You generally get 3 attempts at an answer, unless its a true/false type one. A couple of them I got completely wrong. One was on the symmetry of SeOCl

_{4}using VSEPR - which even after 3 attempts I still got wrong, and couldn't work out why. My tutor suggested some possibilities given I knew the answer (it tells you once you get it wrong). I also checked it out with a chemistry lecturer friend and she came to the same conclusion as I had. After taking it up with the course team they explained (after the deadline) why their answer was right, but eventually they zero'd out the question as it was rather ambiguous. Even given the answer I couldn't see how you could come up with a definitive structure based on just the course notes - there simply wasn't enough data to cover these weird edge cases. The trouble with issues like this is that I find it suddenly undermines my confidence. Its not a silly mistake, its something I've thought about and still got wrong. I suppose whatever doesn't fail makes me stronger, but in reality it tends to lead to a certain fear of similar questions.

The other question I got wrong I could eventually see I'd just made a silly mistake. Its a bit weird doing these things, you tend to get CMA blindness. For instance I'd take all the data given, do all the calculations and come up with an answer - I'd probably check it too - and then look at the screen and see if my answer was there. If it was, I'd tick it, if not then I clearly need to try again. However often you get one of these calculations where you end up doing a load of steps and then the final one is to multiply by 2 -- or is that divide by 2... after due consideration you decide its multiply by 2, see the answer is there, tick and go. Wrong answer. My immediate reaction is not to do any more work (because I'm lazy by nature) but to assume it was divide by 2, and the answer is there to, so tick that and resubmit immediately without rechecking things. Wrong again! This is where you're 3rd chance comes in, and where you should sit down and rework the problem again - rather than phoning a friend or asking the audience.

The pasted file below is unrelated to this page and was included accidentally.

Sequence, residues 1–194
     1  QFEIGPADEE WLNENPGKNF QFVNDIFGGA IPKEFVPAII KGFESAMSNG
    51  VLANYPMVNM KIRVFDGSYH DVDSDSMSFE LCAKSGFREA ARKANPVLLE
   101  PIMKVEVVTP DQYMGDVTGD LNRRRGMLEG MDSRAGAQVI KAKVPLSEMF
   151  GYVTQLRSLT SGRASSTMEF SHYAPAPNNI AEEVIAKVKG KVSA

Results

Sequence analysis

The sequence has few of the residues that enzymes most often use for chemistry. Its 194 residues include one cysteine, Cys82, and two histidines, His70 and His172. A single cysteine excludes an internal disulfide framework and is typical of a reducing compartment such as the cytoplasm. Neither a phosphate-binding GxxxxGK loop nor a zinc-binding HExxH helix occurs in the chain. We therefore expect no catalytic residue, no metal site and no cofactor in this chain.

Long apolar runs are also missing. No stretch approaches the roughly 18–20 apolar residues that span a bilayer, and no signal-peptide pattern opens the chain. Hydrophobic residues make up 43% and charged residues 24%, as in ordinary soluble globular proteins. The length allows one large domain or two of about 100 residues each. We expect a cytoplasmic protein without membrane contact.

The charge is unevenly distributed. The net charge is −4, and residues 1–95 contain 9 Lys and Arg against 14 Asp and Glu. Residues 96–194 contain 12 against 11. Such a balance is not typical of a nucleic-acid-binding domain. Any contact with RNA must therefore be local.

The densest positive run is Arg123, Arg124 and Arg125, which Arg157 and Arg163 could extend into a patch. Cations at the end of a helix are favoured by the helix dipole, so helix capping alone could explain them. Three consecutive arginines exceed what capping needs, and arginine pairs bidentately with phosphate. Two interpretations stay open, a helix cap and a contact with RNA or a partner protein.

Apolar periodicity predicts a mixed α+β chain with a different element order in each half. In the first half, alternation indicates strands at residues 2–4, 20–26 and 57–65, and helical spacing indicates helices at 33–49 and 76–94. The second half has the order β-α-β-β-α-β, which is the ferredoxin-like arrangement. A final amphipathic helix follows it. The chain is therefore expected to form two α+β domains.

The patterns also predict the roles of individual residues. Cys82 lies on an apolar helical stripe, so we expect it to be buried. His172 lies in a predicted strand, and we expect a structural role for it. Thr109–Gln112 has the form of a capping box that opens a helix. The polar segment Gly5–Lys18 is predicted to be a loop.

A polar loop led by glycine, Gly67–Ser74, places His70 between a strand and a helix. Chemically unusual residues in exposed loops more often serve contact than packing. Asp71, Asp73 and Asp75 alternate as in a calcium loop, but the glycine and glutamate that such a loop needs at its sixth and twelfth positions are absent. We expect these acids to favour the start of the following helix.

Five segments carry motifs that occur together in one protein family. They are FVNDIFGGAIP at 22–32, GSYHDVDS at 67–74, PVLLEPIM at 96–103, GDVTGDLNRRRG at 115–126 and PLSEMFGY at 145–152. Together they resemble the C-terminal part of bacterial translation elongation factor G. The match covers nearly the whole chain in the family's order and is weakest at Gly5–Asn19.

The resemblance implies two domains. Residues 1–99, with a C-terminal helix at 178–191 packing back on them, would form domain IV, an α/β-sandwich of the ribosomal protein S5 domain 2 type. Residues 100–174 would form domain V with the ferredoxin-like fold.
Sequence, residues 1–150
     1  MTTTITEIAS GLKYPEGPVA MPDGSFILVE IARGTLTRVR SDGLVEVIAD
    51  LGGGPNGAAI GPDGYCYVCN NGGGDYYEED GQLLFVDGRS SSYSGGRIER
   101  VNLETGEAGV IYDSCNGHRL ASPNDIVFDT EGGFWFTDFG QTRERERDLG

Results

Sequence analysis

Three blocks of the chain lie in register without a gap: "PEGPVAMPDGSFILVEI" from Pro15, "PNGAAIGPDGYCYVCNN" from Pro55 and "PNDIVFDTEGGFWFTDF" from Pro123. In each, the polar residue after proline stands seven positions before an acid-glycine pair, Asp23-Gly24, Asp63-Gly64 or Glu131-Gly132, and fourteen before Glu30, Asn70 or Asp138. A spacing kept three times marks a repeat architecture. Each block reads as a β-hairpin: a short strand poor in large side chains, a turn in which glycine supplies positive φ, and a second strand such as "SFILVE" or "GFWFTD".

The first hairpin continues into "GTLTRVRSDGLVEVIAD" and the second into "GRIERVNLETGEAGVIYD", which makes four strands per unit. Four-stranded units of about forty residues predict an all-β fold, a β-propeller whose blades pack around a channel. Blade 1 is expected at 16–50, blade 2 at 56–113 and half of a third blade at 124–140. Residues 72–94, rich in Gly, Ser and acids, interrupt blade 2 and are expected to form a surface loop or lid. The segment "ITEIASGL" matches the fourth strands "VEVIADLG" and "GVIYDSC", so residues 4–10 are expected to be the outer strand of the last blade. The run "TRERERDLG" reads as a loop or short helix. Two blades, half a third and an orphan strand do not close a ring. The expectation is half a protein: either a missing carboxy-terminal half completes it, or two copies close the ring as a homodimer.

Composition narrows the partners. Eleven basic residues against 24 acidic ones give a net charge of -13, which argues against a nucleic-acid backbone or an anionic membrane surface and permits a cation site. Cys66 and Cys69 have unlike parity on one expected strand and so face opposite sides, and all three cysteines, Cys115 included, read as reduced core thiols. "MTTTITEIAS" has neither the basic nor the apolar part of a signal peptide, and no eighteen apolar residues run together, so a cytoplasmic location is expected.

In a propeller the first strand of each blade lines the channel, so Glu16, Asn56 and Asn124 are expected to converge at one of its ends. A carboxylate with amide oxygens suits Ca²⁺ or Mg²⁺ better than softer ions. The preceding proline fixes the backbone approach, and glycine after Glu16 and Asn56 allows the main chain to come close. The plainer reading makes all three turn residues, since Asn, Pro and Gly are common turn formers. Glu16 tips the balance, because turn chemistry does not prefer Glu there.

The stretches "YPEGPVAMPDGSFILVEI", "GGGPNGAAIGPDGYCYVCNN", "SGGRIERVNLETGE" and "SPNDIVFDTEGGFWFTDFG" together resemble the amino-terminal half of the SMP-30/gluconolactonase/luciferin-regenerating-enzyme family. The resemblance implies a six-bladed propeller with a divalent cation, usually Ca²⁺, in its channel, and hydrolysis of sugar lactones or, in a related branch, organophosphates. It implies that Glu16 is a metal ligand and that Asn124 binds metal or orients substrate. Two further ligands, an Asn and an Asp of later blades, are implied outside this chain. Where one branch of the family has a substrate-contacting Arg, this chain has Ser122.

Anyway - that was the last of the two CMAs in this course.

## 1 comment:

wow, 3 years later, I am doing this assignment and googled SeOCl4 and your blog is what came up, the question is still there! Maybe they have changed up other bits of the course or provided more information, so the answer is now determinable!

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